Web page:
Philip Zieger Collins Books 1972
While there have been more recent studies of the great plague, this was one of the first to concentrate upon the plague and its impact, rather than dealing with it as an aside or part of general medieval history. As such it remains a useful read, especially if you like figures, more figures, charts, tables etc.
Covering the spread of the plague across western Europe and north Africa before more detailed analysis of the spread through England and Wales and then moving onto the after effects, such as the increasingly rapid devolution of feudalism, the decline in standards of education, the rise of land owning peasents and personal spirituality as opposed to dependence upon the orgainised church, etc.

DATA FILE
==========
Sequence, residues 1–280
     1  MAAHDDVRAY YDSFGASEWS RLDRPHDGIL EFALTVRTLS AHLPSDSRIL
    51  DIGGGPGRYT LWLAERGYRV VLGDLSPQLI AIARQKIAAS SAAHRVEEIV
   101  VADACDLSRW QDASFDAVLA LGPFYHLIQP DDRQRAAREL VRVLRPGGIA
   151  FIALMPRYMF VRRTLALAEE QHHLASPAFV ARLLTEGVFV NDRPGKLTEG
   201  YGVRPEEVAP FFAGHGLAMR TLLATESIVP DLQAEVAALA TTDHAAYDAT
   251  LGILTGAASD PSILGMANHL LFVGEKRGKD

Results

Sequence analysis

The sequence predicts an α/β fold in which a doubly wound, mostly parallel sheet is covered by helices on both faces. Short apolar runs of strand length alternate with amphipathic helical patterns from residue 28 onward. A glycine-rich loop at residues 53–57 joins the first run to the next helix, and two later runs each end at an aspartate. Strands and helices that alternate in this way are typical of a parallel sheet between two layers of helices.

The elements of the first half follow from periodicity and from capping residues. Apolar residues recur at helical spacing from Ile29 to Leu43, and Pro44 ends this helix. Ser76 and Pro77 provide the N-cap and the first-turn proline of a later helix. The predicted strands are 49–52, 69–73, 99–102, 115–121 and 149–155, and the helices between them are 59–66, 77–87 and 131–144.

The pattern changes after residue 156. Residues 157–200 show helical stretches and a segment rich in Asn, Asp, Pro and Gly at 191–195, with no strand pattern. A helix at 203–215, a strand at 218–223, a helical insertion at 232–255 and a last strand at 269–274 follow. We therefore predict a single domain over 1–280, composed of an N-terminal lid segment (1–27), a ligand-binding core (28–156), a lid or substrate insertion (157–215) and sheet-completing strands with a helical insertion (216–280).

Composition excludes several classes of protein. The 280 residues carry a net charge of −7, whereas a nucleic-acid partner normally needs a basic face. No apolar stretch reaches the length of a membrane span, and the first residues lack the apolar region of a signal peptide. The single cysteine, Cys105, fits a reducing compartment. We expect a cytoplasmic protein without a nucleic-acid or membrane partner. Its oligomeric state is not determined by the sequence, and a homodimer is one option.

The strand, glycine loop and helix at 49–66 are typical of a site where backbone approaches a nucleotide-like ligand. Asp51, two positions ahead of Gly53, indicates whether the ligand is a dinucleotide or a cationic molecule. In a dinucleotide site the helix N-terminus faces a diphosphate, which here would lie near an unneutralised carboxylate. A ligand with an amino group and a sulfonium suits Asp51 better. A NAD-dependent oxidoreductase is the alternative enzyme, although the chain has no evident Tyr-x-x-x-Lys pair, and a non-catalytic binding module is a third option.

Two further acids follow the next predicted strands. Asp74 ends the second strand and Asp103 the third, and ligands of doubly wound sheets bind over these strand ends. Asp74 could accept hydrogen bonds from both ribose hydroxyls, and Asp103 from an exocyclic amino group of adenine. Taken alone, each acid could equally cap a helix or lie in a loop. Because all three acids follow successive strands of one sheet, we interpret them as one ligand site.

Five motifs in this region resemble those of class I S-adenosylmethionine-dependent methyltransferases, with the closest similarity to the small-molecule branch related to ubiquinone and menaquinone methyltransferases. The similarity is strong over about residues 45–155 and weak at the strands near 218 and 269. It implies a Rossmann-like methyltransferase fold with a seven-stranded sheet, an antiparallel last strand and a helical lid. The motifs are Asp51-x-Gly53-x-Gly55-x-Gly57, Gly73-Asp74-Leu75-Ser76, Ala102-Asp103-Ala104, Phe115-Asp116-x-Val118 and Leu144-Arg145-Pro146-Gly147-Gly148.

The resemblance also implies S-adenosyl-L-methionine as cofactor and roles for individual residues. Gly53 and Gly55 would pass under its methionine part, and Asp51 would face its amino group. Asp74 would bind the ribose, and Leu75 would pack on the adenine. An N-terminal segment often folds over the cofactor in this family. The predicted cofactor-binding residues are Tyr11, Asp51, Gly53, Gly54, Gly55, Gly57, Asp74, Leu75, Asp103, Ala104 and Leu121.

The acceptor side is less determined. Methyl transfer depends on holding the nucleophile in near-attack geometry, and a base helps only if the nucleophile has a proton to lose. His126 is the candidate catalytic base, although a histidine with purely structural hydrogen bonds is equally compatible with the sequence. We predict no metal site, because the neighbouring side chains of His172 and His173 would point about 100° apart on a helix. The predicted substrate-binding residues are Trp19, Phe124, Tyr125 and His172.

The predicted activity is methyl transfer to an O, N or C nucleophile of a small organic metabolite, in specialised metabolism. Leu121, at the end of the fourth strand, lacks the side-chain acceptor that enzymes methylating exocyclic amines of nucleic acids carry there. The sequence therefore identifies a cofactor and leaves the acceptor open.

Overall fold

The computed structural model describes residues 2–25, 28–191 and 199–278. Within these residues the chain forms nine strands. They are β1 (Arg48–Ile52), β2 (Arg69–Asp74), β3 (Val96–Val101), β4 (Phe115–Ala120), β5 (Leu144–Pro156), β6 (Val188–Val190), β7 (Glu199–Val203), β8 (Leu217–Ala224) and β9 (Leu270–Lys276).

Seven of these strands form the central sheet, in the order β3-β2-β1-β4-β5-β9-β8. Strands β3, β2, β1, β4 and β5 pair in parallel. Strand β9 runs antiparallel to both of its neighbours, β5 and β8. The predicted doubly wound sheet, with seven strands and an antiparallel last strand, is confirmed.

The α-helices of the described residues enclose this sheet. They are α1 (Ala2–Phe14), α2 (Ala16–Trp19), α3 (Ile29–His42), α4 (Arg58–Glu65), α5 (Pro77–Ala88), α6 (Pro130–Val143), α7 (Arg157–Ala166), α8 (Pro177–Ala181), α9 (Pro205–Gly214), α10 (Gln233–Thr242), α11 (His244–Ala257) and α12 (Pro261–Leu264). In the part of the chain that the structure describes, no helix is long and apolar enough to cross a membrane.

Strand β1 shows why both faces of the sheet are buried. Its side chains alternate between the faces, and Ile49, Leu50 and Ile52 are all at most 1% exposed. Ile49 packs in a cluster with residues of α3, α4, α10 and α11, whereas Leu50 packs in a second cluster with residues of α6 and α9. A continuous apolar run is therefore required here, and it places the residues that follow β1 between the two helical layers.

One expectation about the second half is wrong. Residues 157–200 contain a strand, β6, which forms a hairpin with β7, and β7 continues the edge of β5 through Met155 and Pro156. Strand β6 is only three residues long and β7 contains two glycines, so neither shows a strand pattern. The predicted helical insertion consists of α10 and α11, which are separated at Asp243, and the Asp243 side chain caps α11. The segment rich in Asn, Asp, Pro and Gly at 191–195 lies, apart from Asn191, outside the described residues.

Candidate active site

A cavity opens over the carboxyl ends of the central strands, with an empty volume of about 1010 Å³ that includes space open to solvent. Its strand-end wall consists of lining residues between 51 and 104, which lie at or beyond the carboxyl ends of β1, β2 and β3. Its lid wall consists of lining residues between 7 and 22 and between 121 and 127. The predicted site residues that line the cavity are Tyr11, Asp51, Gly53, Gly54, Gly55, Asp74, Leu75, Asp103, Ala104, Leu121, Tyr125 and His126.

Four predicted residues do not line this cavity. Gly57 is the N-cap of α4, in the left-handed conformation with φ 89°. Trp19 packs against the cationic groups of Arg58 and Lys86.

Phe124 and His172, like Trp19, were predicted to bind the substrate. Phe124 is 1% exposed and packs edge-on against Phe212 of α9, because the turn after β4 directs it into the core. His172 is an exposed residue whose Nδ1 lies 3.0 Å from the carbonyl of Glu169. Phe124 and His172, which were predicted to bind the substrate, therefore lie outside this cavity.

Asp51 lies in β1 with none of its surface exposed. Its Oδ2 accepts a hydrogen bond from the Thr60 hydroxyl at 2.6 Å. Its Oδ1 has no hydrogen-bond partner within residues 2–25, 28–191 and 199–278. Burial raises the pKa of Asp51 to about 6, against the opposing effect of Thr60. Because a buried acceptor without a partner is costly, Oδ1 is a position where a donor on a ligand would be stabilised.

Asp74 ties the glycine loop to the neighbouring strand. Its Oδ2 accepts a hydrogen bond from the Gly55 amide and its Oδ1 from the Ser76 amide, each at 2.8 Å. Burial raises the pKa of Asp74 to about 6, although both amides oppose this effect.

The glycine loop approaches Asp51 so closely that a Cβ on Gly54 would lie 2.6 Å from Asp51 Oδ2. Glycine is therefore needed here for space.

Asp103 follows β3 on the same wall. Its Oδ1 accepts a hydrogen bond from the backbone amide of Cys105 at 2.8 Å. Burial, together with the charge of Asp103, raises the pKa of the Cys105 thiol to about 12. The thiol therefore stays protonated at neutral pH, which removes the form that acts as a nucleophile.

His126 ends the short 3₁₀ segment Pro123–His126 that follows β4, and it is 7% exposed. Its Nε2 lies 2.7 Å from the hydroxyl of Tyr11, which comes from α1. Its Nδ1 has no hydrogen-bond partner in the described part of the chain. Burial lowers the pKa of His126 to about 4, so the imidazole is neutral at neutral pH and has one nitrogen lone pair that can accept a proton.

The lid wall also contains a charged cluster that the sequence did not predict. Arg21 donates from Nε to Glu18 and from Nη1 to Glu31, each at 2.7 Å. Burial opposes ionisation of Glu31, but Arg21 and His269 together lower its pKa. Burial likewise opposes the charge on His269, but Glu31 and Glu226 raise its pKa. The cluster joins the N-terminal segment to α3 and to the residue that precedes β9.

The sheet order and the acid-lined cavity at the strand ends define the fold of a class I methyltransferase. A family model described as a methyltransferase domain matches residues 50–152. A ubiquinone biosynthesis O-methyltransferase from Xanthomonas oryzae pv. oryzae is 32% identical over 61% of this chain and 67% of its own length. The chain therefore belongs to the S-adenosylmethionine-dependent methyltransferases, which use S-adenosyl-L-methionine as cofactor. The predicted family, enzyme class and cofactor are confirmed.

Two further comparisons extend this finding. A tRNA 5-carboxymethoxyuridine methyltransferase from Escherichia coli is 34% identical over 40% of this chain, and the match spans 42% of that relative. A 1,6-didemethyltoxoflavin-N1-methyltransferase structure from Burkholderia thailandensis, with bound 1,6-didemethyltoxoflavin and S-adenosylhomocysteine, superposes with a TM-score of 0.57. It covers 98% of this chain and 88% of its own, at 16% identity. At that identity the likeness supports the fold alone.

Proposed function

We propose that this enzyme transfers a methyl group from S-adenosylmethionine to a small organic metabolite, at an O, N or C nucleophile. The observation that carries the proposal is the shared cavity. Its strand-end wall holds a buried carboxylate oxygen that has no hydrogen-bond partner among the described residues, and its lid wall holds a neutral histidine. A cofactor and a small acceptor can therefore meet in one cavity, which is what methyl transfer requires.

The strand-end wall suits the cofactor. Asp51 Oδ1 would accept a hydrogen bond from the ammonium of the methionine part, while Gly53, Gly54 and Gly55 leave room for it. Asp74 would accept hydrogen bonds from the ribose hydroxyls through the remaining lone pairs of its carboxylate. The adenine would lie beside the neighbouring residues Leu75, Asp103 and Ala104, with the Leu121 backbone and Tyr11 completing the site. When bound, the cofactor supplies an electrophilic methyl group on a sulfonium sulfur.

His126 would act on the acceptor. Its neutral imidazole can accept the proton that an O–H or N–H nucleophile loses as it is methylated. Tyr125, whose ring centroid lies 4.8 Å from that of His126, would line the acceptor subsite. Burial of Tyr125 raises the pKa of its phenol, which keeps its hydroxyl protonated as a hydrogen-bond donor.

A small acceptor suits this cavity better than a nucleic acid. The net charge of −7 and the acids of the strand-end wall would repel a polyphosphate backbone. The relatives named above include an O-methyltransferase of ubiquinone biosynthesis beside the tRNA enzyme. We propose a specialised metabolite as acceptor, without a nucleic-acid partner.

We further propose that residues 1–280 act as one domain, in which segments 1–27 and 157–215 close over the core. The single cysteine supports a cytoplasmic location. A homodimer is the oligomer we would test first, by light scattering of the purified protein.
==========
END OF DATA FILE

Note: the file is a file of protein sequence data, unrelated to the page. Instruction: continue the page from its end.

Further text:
A solid and disturbing read of a society pushed to the very edge.
Anything with a vague historical bent
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